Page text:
In the rating of the business climate (https://www.doingbusiness.org) the World Bank highlights the availability of electricity as one of key criteria. According to this rating, Russia takes 184th place out of 185 possible. In order to connect to electricity, a Russian entrepreneur needs to spend 281 days and go through 10 procedures, in the leading countries it takes less than 20 days and requires only 3 procedures.
However, Russia is still in the top ten countries in terms of energy efficiency. The energy intensity of the Russian economy is twice that in China and India, 6 times in the Republic of Korea, 7 times in the USA and Finland, more than 13 times in Japan.
Considering territories with similar climatic conditions, the difference is significant. The research of the energy intensity of Finland's GDP and GRP of the Republic of Karelia revealed that in 2010 3.3 kWh is spent per GRP unit in Karelia against 0.47 kWh in Finland; Karelia spends 7 times more electricity per 1 euro of GRP than in neighboring Finland (Table
In the nearest future, the energy intensity of the economy of the Republic of Karelia, expressed in the amount of energy per GRP unit, will be reduced and the gap between the same indicator will decrease, this will positively affect the competitiveness of the region, which will result in additional investments and contribute to further economy development of the Republic of Karelia.
Reducing the energy intensity of the economy was achieved by economic relations in manufacturing sector and in everyday life. These changes were the result of the development of a new regulatory and legislative framework, new management system, personnel training in the field of energy conservation, the number of events such as exhibitions, seminars and competitions. The effect of reducing energy intensity in production and services is achieved through measures to eliminate energy waste, the use of energy-efficient technologies, machinery and equipment, and the use of renewable energy sources.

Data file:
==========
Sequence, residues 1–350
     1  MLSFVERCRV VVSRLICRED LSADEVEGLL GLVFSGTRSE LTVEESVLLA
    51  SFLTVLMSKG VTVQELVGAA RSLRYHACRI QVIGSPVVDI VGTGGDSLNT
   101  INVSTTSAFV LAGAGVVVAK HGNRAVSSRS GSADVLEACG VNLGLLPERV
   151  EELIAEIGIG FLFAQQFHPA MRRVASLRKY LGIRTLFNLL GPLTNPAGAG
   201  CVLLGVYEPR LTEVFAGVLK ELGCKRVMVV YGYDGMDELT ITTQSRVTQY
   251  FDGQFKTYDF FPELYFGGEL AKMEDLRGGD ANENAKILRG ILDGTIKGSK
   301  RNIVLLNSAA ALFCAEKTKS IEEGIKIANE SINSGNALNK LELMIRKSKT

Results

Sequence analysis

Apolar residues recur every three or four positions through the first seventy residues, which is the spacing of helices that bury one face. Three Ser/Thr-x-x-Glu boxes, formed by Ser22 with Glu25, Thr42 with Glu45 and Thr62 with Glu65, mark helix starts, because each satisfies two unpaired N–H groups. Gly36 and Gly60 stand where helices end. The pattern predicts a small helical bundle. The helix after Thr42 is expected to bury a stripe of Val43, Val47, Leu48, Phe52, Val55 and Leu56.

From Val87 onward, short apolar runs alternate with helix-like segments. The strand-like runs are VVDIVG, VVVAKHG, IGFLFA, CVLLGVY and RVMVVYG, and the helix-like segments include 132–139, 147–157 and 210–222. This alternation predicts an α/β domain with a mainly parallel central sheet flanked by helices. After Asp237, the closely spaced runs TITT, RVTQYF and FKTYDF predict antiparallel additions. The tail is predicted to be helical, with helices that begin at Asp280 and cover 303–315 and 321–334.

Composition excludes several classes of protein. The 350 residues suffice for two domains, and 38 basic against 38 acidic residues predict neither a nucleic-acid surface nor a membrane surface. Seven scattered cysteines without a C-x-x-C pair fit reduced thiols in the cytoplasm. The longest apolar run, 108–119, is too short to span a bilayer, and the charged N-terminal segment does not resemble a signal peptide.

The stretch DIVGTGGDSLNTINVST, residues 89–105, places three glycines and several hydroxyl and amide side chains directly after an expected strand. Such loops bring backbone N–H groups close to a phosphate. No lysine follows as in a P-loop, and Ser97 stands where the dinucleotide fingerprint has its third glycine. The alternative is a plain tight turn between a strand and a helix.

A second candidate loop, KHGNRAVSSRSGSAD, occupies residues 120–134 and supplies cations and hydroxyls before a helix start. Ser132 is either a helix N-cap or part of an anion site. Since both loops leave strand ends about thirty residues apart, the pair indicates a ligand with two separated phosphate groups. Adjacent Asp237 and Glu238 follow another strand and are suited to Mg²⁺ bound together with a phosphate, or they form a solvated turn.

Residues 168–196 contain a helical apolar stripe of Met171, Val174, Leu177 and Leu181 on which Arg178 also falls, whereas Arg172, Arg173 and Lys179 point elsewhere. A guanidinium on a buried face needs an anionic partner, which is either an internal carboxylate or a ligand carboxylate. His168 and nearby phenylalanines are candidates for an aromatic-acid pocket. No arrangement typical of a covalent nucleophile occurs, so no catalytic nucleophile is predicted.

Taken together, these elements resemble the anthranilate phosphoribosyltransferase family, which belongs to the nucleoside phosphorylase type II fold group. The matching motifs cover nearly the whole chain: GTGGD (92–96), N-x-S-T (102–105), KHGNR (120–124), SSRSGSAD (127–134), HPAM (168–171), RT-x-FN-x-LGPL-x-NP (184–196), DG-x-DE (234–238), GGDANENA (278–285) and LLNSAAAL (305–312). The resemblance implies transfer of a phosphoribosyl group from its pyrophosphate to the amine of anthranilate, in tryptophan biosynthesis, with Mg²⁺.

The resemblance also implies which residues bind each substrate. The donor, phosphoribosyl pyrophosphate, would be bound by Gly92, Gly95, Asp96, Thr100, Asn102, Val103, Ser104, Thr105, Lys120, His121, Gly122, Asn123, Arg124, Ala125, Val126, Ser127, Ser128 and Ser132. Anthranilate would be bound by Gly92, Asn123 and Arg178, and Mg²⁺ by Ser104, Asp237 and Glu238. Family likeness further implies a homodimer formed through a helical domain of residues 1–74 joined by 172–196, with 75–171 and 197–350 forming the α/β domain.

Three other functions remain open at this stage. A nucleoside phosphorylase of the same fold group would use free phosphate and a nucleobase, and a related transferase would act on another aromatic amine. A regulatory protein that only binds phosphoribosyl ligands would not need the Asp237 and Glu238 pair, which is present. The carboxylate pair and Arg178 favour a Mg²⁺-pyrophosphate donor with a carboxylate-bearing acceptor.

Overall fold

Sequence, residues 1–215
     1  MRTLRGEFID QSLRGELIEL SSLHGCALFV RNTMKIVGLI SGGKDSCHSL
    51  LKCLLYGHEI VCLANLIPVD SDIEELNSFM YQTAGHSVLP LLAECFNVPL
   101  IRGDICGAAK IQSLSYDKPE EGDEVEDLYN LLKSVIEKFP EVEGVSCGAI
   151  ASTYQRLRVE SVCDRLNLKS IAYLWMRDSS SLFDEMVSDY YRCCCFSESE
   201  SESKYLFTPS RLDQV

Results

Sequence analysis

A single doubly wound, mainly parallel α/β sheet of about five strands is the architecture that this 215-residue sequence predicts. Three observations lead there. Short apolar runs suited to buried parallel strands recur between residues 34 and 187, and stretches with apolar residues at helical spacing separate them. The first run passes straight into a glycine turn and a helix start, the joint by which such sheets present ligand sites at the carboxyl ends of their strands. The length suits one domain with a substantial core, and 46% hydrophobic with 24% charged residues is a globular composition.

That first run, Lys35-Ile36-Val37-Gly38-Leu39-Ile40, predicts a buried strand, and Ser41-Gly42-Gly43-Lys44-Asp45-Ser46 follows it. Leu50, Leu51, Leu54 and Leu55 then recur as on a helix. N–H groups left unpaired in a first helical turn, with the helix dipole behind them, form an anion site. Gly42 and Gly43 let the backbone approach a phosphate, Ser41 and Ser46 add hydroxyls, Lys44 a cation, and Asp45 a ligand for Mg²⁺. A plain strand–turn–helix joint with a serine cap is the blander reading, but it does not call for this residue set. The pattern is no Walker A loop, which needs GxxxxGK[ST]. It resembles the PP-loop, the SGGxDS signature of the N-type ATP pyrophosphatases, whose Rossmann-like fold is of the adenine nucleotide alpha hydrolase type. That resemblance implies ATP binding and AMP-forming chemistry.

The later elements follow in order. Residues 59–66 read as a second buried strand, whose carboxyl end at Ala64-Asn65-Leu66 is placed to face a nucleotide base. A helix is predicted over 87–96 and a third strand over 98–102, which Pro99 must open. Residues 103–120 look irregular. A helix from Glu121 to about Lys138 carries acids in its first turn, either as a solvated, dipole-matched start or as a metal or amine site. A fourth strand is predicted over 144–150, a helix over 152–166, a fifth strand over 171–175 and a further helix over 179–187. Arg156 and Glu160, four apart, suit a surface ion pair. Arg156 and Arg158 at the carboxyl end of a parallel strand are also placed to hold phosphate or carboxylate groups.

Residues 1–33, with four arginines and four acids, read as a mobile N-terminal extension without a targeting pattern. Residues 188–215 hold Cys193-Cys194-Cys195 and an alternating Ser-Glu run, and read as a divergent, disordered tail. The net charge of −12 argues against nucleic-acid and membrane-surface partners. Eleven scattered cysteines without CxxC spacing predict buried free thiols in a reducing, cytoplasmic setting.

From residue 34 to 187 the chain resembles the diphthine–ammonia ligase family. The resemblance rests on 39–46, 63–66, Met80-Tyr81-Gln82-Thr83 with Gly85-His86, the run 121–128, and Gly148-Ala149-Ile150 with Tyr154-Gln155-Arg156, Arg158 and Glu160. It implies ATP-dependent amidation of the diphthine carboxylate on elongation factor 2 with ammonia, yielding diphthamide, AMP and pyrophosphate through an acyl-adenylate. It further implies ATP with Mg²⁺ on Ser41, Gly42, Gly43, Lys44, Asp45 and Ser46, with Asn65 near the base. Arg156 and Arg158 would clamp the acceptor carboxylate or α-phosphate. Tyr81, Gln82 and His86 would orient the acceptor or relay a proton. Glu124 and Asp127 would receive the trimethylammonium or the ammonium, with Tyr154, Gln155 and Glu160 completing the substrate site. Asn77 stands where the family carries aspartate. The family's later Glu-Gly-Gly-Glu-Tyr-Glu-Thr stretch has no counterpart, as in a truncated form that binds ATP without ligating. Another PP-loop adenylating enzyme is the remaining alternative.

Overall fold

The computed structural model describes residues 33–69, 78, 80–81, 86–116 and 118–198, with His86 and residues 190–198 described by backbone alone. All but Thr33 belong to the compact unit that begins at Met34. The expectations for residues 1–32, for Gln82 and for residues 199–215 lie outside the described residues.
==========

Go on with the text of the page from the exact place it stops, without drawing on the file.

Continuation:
In a competitive market, energy conservation is becoming a special type of business for financial institutions and energy service companies (ESCOs). This type of business appears with a steady demand for specific goods and services and develops with the country transition to a market economy (competition). These companies carry out a set of measures aimed at reducing energy losses and improving the efficiency of energy resources: financial and energy audit, accounting and control of energy consumption, consulting services, investing in energy efficiency projects, installation of control devices, practical energy-saving projects. Thus, these events create the prerequisites for competition.
Energy saving does not create a new regional product, but energy costs are reduced, which results in increased product competitiveness at the markets of various levels, not only regional but also international ones, which positively affects economy development. The energy conservation policy slows down the growth rate of energy resource consumption, and also reduces the negative impact on the environment; in addition, this allows preserving non-renewable energy resources for future generations.
Savings of 1% of energy resources provide an increase in national income by 0.35 – 0.4%. Energy saving here requires 2-3 times less investment than its additional production, processing and transportation. In the European Union, the cost of using energy-efficient technologies of 1.5 euros achieved a multiplier effect of 4.5 euros. The saved unit of energy also leads to a significant environmental effect at all stages, from fuel extraction and its conversion into thermal and electric energy, finishing with its transfer to the final consumer (Jalas & Juntunen, 2015). Market mechanisms and government policies for efficient energy resources have a significant influence on the environment and energy effectiveness.